Why I Believe the Bible #11 (The Honesty of the Bible About Its Authors and Heroes)

Wayne —  November 25, 2009 — 2 Comments

BIble
The Bible is a brutally honest book.  One of the things that it is most honest and forthright about is the character flaws of its authors and main characters.  The Bible focuses on reality and how God works through the weaknesses of those he created to accomplish his plan.  It does not concentrate on fantasy.

If the Bible were strictly a human endeavor, one would have expected its authors to exclude their own flaws from the story and the flaws of their patriarchs.  Far from excluding such information the Bible is replete with the sins of its writers.  It reveals both the good and the evil, the best and the worst, the hope and despair and the joy and pain of its authors.

The exhaustive look at the examples of this honest treatment of its characters would be way to long for this article, but let’s look a number of examples.

Old Testament Examples

  • When Adam and Eve eat the fruit from the forbidden tree and are confronted by God, they go immediately into blames-shifting mode with Eve blaming the whole thing on the serpent, Adam blaming it on Eve, and eventually even blaming the whole thing on God. (Genesis 3)
  • After being one of only eight people on earth saved by God from the flood, Noah gets so drunk that he passes out and is unaware of what is going on around him. (Genesis 9)
  • Rather than relying on God, Abraham succumbs to cowardice and instructs his wife to tell foreign rulers that she is his sister.

When he was about to enter Egypt, he said to Sarai his wife, “I know that you are a woman beautiful in appearance, and when the Egyptians see you, they will say, ‘This is his wife.’ Then they will kill me, but they will let you live. Say you are my sister, that it may go well with me because of you, and that my life may be spared for your sake.” [Genesis 12:11-13 ESV]

  • Abraham ignores the promise of God and has a son by his wife’s servant Hagar.  (Genesis 16)
  • Isaac and Rebekah played favorites with their kids leading to all kinds of family strife. (Genesis 25:28)
  • Jacob tricked his father with the help of his mother.  (Genesis 27)
  • Simeon and Levi killed an entire people in a jealous rage. (Genesis 34)
  • Joseph’s brothers sold in him to slavery and told their Dad he was dead. (Genesis 37)
  • Judah slept with his daughter-in-law. (Genesis 38)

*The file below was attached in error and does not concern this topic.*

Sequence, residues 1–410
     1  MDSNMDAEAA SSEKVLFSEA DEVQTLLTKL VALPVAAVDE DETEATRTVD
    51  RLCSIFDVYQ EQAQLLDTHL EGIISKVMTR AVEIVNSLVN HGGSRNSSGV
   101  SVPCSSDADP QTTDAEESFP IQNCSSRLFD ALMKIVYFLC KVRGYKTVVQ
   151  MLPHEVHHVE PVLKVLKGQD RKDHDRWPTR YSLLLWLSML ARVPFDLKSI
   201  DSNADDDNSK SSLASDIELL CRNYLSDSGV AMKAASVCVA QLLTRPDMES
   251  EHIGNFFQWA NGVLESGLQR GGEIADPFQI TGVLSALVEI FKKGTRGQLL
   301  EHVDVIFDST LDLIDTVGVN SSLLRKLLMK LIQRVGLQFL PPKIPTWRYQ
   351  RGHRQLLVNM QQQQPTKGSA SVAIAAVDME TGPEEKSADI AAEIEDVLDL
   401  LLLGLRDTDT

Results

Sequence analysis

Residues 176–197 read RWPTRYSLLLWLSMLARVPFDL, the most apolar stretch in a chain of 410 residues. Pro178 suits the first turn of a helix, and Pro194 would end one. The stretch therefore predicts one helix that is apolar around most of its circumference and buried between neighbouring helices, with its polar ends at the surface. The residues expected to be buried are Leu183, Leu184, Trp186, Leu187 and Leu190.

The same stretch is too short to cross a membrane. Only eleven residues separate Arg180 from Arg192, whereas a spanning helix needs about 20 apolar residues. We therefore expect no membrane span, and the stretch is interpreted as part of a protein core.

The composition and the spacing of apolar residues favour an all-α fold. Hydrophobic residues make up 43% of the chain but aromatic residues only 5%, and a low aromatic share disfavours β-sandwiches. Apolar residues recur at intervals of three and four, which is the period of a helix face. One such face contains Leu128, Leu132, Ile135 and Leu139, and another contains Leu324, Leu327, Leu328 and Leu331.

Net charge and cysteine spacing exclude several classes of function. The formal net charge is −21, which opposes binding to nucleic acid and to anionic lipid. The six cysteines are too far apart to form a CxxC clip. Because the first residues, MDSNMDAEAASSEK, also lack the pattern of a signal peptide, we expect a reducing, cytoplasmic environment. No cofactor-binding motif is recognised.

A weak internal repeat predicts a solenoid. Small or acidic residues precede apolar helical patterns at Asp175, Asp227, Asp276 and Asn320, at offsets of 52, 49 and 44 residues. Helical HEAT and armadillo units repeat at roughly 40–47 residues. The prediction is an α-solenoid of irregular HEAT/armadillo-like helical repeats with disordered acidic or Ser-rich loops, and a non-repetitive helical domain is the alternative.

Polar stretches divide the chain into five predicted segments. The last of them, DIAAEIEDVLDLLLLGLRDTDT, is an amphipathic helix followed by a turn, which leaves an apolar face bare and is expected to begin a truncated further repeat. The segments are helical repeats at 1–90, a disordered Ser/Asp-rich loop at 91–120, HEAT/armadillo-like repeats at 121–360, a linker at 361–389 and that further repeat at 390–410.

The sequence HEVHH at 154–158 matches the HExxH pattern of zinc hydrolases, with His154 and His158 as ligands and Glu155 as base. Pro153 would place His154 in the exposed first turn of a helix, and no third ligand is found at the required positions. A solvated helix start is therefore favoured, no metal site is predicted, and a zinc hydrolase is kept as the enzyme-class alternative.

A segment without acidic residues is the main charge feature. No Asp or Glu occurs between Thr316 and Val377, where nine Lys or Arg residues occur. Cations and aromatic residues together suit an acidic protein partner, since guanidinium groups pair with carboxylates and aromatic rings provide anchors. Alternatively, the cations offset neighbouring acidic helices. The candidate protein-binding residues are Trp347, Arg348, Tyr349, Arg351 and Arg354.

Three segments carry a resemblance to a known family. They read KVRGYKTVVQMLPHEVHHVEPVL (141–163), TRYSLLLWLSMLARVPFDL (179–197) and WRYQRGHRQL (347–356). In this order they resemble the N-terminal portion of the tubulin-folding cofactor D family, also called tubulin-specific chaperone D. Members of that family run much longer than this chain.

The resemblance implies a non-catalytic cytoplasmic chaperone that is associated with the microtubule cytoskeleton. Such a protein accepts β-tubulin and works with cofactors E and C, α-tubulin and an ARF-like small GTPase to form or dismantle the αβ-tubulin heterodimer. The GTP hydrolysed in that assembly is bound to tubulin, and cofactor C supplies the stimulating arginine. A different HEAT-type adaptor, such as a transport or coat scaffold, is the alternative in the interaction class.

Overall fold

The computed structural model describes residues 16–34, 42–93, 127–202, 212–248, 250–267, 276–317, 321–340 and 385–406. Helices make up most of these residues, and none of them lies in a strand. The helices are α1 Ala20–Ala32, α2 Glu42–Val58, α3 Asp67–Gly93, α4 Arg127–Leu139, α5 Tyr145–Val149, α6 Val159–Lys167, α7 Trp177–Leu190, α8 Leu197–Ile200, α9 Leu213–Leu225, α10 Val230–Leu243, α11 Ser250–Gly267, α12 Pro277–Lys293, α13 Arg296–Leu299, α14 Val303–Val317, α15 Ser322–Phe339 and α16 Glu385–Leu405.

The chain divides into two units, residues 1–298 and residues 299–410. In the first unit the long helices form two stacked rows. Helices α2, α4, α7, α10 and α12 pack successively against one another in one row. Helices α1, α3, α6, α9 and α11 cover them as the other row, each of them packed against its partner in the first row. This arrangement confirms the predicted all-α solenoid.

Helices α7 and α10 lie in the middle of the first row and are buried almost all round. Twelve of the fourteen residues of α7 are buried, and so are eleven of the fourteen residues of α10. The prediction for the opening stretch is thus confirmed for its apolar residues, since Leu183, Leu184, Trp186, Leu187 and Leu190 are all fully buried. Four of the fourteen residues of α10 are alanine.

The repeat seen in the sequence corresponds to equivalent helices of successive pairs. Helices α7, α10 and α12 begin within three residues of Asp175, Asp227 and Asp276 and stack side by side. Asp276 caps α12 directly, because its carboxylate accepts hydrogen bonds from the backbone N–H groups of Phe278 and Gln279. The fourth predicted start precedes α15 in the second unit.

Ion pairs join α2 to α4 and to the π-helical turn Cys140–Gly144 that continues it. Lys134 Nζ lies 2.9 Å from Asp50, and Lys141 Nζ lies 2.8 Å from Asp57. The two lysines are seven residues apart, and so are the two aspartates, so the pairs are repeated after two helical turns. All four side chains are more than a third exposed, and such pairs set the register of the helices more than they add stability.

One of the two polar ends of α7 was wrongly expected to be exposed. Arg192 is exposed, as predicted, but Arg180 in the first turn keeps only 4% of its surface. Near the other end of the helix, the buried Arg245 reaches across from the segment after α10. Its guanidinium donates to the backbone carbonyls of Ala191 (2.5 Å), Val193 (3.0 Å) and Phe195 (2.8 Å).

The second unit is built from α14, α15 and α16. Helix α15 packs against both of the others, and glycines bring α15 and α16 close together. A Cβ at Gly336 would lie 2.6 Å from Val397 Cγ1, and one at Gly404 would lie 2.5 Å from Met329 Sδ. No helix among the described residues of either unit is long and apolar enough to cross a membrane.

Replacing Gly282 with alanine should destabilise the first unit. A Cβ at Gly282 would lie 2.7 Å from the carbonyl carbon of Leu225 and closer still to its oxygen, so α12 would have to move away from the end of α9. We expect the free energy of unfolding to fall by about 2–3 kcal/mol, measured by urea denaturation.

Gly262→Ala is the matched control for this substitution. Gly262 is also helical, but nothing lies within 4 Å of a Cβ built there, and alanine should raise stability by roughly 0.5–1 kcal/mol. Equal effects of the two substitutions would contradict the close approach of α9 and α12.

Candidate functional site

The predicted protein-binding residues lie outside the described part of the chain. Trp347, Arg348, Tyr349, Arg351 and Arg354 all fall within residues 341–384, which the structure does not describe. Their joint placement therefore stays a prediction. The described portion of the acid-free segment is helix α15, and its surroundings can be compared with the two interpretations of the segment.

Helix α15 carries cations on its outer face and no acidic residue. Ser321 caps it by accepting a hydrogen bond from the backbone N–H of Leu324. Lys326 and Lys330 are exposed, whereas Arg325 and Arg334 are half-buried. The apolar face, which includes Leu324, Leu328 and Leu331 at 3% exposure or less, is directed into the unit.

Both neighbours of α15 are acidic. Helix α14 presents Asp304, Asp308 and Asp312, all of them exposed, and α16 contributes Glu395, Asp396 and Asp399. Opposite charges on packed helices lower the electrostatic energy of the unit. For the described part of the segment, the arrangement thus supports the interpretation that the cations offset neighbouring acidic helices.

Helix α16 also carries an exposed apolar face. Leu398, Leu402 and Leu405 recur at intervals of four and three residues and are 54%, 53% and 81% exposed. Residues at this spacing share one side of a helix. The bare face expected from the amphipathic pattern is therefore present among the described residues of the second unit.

• The Israelites worshiped a golden calf while Moses was getting the ten commandments.
  • Moses was disobedient to God and was not allowed to enter the promised land.
  • The sins of the people of Israel were constantly revealed and denounced:

You have been rebellious against the LORD from the day that I knew you. [Deuteronomy 9:24 ESV]

  • David impregnates a married woman and had her husband killed in battle to try to cover it up (2 Samuel 11-12)
  • David did not effectively run his family which resulted in one son raping his daughter, another son killing his brother for revenge and another son trying to wrestle the kingdom from his father.
  • Solomon, the wisest man alive, married multitudes of women who led him to worship other Gods

New Testament Examples

The trend considered with the New Testament.  Consider:

  • Matthew was a tax collector named Levi before being called by Jesus
  • Jesus dined with prostitutes
  • Saul persecuted and killed Christian before meeting Jesus on the road to Damascus.
  • Jesus rebuked Peter and called him “Satan.”
  • Peter denied the Lord three times on the night of his crucifixion.
  • John overzealously and impulsively asked Jesus to allow him to call down thunder on a group of people.
  • The disciples argued over who was the greatest.
  • Jesus was constantly rebuking his disciples for their actions and lack of understanding.
  • The Bible reveals the early church was divided, arrogant and materialistic.

For it has been reported to me by Chloe’s people that there is quarreling among you, my brothers.  [1 Corinthians 1:11 ESV]

Now if Christ is proclaimed as raised from the dead, how can some of you say that there is no resurrection of the dead? [1 Corinthians 15:12 ESV]

For I wrote to you out of much affliction and anguish of heart and with many tears, not to cause you pain but to let you know the abundant love that I have for you.  [2 Corinthians 2:4 ESV]

It’s clear that far from trying to hide their flaws and failures, the Bible actual highlights those.  In the words of Lewis S. Chafer (founder of Dallas Theological Seminary),

“The Bible is not such a man would write if he could, or could write if he would.”

Return to the Why I Believe The Bible index page.

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  1. This Month in the Middle (November 2009) « Dad In The Middle - December 31, 2009

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